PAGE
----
Classroom learning materials will likely be mostly digital or remain a mix of digital and print in future years, representing a significant change from before the pandemic when curriculum materials were mostly print or a mix of digital and print, according to teacher and administrator survey results from Bay View Analytics, a statistical research firm.
The exclusive use of print materials for classes dropped to 1% during pandemic-related school closures and rose to 5% by spring 2022. In the 2018-19 school year, use of all-print materials was quadruple that, at 22%.
As school systems adjust to more normal routines and practices after years of COVID-19 disruptions, curriculum directors and other educators are evaluating how pandemic experiences should influence future curriculum purchasing and use, including weighing the pros and cons of print and e-books.
Close to half (42%) of educators responding to the Bay View Analytics survey said they used a mix of print and digital materials in their classrooms in 2022. A quarter said they used mostly print, and 22% said they used mostly digital materials. Five percent said they used all digital — identical to the percentage that used all print.
The survey included 1,015 pre-K-12 teachers and 454 administrators from 49 states and the District of Columbia.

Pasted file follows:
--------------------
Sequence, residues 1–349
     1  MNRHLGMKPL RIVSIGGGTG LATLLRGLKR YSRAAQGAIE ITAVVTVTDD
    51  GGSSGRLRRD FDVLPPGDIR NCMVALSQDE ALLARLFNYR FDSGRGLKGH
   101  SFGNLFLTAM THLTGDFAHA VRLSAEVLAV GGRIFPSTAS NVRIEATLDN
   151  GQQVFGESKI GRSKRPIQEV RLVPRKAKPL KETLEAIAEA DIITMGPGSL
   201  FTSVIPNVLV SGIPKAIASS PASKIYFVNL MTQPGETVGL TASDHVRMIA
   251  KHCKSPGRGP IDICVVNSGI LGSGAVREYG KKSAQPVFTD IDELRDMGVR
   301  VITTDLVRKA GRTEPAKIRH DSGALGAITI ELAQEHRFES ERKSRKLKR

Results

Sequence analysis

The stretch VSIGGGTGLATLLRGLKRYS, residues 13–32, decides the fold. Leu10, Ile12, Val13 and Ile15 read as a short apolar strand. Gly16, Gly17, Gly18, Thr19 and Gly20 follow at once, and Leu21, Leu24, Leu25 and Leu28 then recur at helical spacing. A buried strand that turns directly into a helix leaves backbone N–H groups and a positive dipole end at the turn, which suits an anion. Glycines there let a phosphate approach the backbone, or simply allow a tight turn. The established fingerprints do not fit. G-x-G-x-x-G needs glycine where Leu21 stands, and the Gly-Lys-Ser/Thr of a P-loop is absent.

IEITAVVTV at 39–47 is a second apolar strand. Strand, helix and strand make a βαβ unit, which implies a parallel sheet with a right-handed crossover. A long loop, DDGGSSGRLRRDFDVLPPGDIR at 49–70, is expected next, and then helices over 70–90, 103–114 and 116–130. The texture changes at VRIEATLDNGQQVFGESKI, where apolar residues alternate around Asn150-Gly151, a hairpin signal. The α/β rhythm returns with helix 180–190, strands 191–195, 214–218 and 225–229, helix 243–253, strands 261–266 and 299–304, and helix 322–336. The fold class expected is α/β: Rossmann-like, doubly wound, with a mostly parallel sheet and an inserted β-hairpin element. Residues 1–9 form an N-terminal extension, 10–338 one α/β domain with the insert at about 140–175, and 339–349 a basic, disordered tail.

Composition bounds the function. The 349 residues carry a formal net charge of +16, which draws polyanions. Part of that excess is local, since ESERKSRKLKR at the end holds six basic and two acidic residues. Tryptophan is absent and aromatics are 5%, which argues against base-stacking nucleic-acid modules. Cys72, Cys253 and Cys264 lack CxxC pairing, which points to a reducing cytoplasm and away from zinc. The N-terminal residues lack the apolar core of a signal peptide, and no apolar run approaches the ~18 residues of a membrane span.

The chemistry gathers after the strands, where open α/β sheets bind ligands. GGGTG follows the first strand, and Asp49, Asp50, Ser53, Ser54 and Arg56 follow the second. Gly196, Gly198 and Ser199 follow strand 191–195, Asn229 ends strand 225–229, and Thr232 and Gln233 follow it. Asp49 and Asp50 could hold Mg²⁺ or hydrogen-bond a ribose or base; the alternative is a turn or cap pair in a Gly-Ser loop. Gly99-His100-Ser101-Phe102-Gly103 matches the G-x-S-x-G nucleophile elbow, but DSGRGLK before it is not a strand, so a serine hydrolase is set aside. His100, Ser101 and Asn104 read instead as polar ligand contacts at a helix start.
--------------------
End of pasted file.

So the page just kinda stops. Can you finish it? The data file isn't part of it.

“As students and educators emerge from the pandemic and return to in-person learning, it’s clear that digital resources will remain important tools in classrooms," said Julia Seaman, director of research at Bay View Analytics and author of the report, in an email. "These survey findings offer a sense of how instructional materials will continue to evolve in K-12 schools and how tools like open educational resources can enhance teaching and learning.”
The abrupt closure of schools in spring 2020 due to COVID-19 expanded the use digital education materials and tools as educators attempted to keep students on track through virtual learning. Many districts fast-tracked 1:1 device programs and expanded their use of ed tech tools.
And while digital materials may be easier to access and can be automatically updated, printed materials hold value, some experts said. For one thing, paper books don't require batteries. Plus, some studies and surveys point to educational benefits from printed materials.
The Bay View Analytics survey found 61% of teachers prefer print materials over digital, and 59% said students learn better with print materials.
An analysis published in the Review of Educational Research in 2021 looking at learning outcomes from reading paper books versus digital books largely had inconclusive findings. But it did discover that when a minimum quality standard is met, digital books for young children can outperform paper books. For example, digital book enhancements that increase children’s understanding of the narrative, by prompting children’s background knowledge or providing additional explanations of story events, can enhance the processing of story content.